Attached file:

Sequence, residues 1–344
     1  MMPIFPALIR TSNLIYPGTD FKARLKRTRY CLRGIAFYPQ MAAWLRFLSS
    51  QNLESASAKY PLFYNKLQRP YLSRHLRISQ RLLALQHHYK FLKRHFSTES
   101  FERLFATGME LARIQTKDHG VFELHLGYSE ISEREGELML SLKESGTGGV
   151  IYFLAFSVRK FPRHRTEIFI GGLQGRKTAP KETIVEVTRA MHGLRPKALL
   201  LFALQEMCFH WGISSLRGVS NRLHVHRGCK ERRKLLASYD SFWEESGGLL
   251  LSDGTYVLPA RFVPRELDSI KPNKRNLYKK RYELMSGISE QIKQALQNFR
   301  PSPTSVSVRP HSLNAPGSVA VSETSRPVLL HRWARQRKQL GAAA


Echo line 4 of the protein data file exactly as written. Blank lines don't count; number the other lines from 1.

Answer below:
   101  FERLFATGME LARIQTKDHG VFELHLGYSE ISEREGELML SLKESGTGGV